After 12 years, James Sullivan will step down as Chicago Public Schools Inspector General when his term ends June 30. Sullivan named his three children, one of which is headed to college in August, as the reasons behind his resignation.
He earned $133,000 a year in the public sector, and he will join Sikich LLP to work on fraud investigations. Previous to his role as inspector general, Sullivan worked as deputy inspector general for the City of Chicago and worked as a prosecutor in the Illinois Appellate Court.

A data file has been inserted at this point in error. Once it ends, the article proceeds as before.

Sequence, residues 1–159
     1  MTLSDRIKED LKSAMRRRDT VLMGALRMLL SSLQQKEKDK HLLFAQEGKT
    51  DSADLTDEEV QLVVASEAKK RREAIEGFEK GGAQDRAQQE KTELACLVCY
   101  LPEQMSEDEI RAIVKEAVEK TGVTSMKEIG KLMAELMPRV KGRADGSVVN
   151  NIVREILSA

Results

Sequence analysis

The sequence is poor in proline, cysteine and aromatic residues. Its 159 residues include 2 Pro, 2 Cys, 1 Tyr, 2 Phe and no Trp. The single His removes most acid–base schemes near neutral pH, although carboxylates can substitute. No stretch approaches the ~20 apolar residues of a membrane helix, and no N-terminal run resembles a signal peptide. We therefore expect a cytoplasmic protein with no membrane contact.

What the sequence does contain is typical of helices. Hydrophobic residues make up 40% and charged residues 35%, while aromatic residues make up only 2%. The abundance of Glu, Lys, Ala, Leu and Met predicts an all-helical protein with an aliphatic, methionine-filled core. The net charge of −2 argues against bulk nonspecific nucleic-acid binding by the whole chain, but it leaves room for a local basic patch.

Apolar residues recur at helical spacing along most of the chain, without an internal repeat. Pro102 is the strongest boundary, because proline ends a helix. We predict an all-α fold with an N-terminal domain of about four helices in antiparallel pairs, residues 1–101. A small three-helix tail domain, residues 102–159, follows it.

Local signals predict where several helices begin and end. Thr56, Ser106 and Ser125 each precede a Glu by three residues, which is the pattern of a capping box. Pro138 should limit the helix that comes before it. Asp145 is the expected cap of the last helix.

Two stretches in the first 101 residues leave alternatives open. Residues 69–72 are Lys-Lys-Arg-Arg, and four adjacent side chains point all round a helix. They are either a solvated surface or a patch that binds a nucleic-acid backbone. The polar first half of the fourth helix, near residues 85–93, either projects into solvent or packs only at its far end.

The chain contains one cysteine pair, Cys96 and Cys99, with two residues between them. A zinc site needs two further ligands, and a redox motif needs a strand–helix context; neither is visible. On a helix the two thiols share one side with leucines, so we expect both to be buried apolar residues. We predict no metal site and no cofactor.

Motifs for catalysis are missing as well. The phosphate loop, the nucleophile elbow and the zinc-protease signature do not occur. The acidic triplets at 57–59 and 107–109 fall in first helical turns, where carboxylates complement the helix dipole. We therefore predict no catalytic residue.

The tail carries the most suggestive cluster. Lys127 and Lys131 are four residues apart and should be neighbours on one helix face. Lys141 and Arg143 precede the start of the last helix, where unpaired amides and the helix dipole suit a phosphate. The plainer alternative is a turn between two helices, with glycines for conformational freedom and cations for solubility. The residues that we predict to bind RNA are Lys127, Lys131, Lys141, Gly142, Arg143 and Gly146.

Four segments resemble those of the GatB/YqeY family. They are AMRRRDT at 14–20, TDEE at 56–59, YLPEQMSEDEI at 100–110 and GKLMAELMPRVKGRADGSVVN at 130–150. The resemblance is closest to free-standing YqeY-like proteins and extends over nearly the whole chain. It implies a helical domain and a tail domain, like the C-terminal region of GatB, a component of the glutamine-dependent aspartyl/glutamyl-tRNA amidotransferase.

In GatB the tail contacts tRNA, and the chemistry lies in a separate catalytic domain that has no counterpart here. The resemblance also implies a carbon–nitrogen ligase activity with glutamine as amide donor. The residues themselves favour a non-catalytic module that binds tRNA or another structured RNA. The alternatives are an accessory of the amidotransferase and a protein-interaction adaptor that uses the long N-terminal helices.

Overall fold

With a $2.5 million budget and 32 employers, the Office of the Inspector General investigates fraud by employees and businesses under contract with the Chicago School Board.
Over the past 12 years, Sullivan investigated the spending of taxpayer money by former School Board President Michael Scott. He also investigated clout admissions at several CPS selective enrollment schools, as well as inflated grades, graduation rates and attendance rates.
The inspector general has no power to enforce changes within the education system and can only make recommendations based on investigations. With his term ending, Sullivan is calling for more funding for the office of the inspector general, which has one investigator for every 2,356 employees.
Read the Chicago Board of Education Office of the Inspector General 2013 Annual Report.